Mr. Pease gave Mr. Bearor’s Schedule. Individual Board members gave their schedules. Mr. Hunt gave his schedule. Discussion followed on the calendar, and Sunday, August 22nd was agreed to as a date, with a site visit on August 21st. The attorneys agreed to get the information to the town office by July 30th.
Mr. Alvarez said he had a complaint. He said he was asked to leave the Planning Board site visit, and it’s technically a public meeting, so that’s a violation of the right to know law. Chairman Tadema-Wielandt asked Mr. Pease to advise his clients that the public has the right to attend a site visit. Mr. Marckoon said there is a difference between a public meeting and a public hearing, in that a person can attend the meeting, but not necessarily participate. Mr. Alvarez said the MMA manual clearly states this is a public hearing. Mr. Marckoon said he disagreed.
Discussion followed on sending the information to the town hall by July 30th. The site visit will meet at the site at 8:30 AM on the 21st. Mr. Marckoon asked that 6-copies be submitted. Mr. Hunt said he agreed.
Chairman Tadema-Wielandt said the meeting on the 22nd would start at Noon at the town hall. He said the lawyers would decide what applications are submitted, and who’s going first, and what documentary evidence, what expert testimony and the like there would be. Mr. Hunt said the meeting on the 22nd would be to go through the application for completeness. Chairman Tadema-Wielandt asked why not have the public hearing on Sunday. Mr. Hunt said there needs to be a completeness review, and if there is something lacking, the Pettegrows would not have the opportunity to fix it. He said the Board could start, and recess, then continue when the corrected application is available. Chairman Tadema-Wielandt asked Mr. Pease if he would have any trouble getting his experts to appear on a Sunday. Mr. Pease replied that he hoped not, since they are flexible.
Mr. Fenton asked how things would be worked out after the Site Plan Review and Shoreland Zoning applications are found complete. Mr. Pease said the lawyers’ tasks between now and July 30th is to give the Board a road map. Chairman Tadema-Wielandt said he would have no quarrel receiving information before July 30th. He declared that the public hearing on the Alvarez et al vs. Pettegrow matter would continue to Saturday, August 21, 2004 for a site visit at the Pettegrow property at 8:30 AM, to be followed by a meeting on Sunday, August 22, 2004 at Noon at the Town Hall.
A short discussion followed to make sure the Board members all have the same copy of the ordinances.
Proposed Appeals Board Ordinance – Mr. Craft said he had no problem except for section three, the standard of review. He said it should be up to the Board of Appeals whether to hold a de novo hearing or not. Mr. Garrett said the Pettegrow case drove the Planning Board to draft the proposed ordinance. He said other ordinances have conflicting sections regarding appeals. He said the intent was to override the individual ordinances and allow the Appeals Board to hear appellate cases. He said it is a new ordinance, which must go to town meeting for approval.
Mr. Craft read from a Maine Townsman article Chairman Tadema-Wielandt said the Planning Board wants to make the Appeals Board an appellate board, not a second Planning Board. Mr. Wuorinen said it seems the Planning Board proceedings could take place, and that board could miss an important aspect of an application, and if the Appeals Board conducts an appellate review there might not be a chance to find such a hole in a Planning Board decision. He said the Board of Appeals loses nothing by going de novo. Chairman Tadema-Wielandt said if that were the case, every Planning Board decision could come before the Board of Appeals. Mr. Wuorinen and Chairman Tadema-Wielandt discussed the philosophy of the scope of the Board of Appeals, Mr. Wuorinen advocating that the Board be a watchdog for the appellant, and Chairman Tadema-Wielandt saying that the Board should limit its scope to the issues in question. Mr. Pappas agreed with the Chair that that should be the Board’s scope. Mr. Fenton said the ordinances ought to reflect the Board’s appellate role. Mr. Craft said it should be the decision of the Board of Appeals on whether to hold a de novo hearing.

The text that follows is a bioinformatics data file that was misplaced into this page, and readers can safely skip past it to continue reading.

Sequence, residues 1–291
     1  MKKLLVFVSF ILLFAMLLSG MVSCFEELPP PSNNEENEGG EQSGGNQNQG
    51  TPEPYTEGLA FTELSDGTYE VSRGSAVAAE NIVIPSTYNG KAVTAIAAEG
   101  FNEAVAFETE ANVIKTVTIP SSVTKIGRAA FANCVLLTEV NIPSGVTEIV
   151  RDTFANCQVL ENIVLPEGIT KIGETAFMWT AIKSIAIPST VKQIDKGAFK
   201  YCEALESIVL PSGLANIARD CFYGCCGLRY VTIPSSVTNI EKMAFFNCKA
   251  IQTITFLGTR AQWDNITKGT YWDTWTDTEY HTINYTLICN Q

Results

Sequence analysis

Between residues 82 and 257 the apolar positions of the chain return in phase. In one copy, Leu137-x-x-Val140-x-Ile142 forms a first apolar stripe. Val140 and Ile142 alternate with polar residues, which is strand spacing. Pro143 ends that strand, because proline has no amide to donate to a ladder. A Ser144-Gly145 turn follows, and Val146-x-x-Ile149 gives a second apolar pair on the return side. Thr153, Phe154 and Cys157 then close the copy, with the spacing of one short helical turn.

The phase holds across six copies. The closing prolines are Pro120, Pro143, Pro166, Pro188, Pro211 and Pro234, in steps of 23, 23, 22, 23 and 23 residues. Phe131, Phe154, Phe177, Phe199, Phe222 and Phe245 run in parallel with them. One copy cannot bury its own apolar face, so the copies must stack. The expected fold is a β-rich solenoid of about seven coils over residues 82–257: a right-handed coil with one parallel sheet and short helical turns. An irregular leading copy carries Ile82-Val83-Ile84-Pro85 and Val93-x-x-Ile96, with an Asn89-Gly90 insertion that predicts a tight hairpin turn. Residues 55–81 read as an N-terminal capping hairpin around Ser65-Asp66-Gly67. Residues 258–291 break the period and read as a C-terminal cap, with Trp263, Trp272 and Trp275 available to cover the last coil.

Chairman Tadema-Wielandt said the town meeting gives the authority on whether it’s an Appeals Board, and a lengthy discussion followed on the recourse for appellants and the philosophy of Appellate vs. 2nd Planning Board. Mr. Craft noted the language in the proposed ordinance required a de novo hearing if there is a tie vote on the Planning Board. Chairman Tadema-Wielandt said the Planning Board is trying for a separate Appeals Board Ordinance. Mr. Garrett said they’re trying to do the Appeals Board a favor. Mr. Wuorinen read a passage from the proposed ordinance and said he didn’t understand the language but thought it might be broader than an appellate board. A short discussion followed on conflicts in state laws and court rulings. Chairman Tadema-Wielandt asked how the town would be educated to pass the ordinance. Mr. Garrett said he has no difficulty with making a presentation by saying it gives the Board of Appeals the ability to narrow its focus. There was a discussion on which ordinances conflict. It was suggested that the proposed ordinance specifically identify which ordinances and the specific sections that would be overridden. Mr. Garrett noted that if the Board of Appeals approves the language, there is an open space for the time for appeals. A discussion followed on consequence if the deadline is not followed, restrictions on filing a second appeal, back and forth rulings and appeals. The Appeals Board felt one sentence should change the word “brought” to the word “heard”.
Mr. Wuorinen said he had trouble reconciling appellate in the second sentence of section 3-C and read the passage. A short discussion followed. It was suggested to change the wording to read “ordinance(s) appealed from.”. Mr. Wuorinen suggested that it is better to have a mission to enforce the ordinances than to depart from the mission by eliminating de novo hearings. He said if the Board of Appeals does not have a de novo hearing, it does a less than complete job of decision making. Chairman Tadema-Wielandt said that would be substituting the judgment of one board over another. Another debate followed on the role of the Board of Appeals and the philosophical difference in regard to the Board’s role among the members of the Board of Appeals.
Chairman Tadema-Wielandt asked what to do next. Mr. Garrett said without the Board of Appeals’ endorsement, he considers it a dead issue, and he’s not interested in pursuing the ordinance if the Board of Appeals is not in favor. Mr. Fenton asked about a time line for passage. Mr. Garrett said he had none. Mr. Craft asked if it could be at the next regular town meeting. Mr. Fenton suggested putting it in the hopper for now and reviewing and discussing it later. He said for now, the reference to individual ordinances that would change and the language change in 3-C should be included. Chairman Tadema-Wielandt said there is no board consensus. He said he thinks it’s a good ordinance, but he’s just one member. Mr. Garrett said without a board endorsement it’s a dead issue. Mr. Craft said it’s up to the Appeals Board now. Chairman Tadema-Wielandt said it’s a town issue, and a question of how people want land-use issues decided. Mr. Fenton said he thought it was a wonderful proposed ordinance, a few commas need to change, but the public should vote on it. Chairman Tadema-Wielandt said the board would visit this in the fall. Mr. Craft concurred. Mr. Garrett asked that the Board get the corrections to him. It was agreed those specific changes would be in the language of Section 3-C and the list of specific ordinance sections affected. A short discussion followed on time limits for filing and acting on Appeals.
There being no further business, Mr. Fenton moved to Adjourn, and Mr. McDevitt 2nd. All were in favor.
Stu Marckoon, Secretary Pro-Tem
Lamoine Board of Appeals